Hormann, Kai Update data
- +41 58 666 4327
Stabile Informatica, Office 105 (Level 1)
Via Buffi 13, 6904 Lugano
Website or personal page
Kai Hormann is an associate professor in the faculty of informatics at the University of Lugano. He received a Ph.D. in computer science from the University of Erlangen in 2002 and spent two years as a postdoctoral research fellow at the Multi-Res Modeling Group at Caltech and the CNR Institute of Information Science and Technologies in Pisa, before joining the faculty at Clausthal University of Technology as an assistant professor in 2004. During the winter term 2007/2008 he visited the Berlin Mathematical School at Freie Universität Berlin as a BMS substitute professor.
His research interests are focussed on the mathematical foundations of geometry processing algorithms as well as their applications in computer graphics and related fields. In particular, he is working on parameterization of meshes, surface reconstruction from point clouds, barycentric coordinates for arbitrary polygons, and subdivision of curves and surfaces.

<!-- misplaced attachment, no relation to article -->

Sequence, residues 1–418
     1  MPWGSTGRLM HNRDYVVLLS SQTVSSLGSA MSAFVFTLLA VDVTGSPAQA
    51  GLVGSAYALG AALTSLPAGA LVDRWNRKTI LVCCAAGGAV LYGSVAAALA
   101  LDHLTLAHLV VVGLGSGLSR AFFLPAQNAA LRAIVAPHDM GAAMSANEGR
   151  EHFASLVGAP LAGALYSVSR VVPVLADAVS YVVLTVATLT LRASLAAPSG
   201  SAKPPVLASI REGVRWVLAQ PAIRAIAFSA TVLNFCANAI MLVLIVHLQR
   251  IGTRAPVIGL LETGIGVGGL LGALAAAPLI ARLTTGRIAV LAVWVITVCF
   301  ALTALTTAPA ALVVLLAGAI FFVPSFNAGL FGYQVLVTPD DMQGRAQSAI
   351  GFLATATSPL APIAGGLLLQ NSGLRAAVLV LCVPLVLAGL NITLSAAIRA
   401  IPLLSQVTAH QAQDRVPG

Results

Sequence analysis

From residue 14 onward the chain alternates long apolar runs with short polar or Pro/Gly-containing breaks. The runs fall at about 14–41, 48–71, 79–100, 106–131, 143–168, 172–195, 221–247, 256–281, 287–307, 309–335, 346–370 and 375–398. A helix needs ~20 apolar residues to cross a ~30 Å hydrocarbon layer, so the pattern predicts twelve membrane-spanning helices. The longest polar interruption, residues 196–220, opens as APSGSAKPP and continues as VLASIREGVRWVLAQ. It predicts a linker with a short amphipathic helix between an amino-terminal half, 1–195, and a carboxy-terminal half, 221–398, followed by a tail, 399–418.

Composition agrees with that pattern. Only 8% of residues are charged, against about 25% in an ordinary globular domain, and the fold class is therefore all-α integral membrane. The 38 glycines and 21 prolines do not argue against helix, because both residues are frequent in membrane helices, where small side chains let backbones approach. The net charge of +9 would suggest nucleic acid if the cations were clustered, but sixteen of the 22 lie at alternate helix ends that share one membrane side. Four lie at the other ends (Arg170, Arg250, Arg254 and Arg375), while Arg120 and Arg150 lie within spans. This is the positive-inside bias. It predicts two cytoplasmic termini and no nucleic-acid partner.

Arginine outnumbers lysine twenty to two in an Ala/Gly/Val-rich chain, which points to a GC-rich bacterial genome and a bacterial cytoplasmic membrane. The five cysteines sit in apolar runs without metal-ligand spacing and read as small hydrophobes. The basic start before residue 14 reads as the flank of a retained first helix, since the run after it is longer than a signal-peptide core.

Prof. Hormann has published over 40 papers in the professional literature and is an active member of ACM Siggraph and SIAM. He served on more than 20 of the leading graphics and geometry conference programme committees and is a frequent reviewer for international funding agencies and the top journals in his field.
Moreover, he is an associate editor of Computer Aided Geometric Design and Computer Graphics Forum.
The interdisciplinary research field of digital geometry processing combines concepts from computer science, applied mathematics, and engineering for the efficient acquisition, reconstruction, optimization, editing, and simulation of geometric objects. Applications of geometry processing algorithms can be found in a wide range of areas, including computer graphics, computer aided design, architecture, geography, and scientific computing. Current projects include interactive shape deformations, processing of time-dependent objects, efficient 3D visualization, and design of GPU-accelerated algorithms.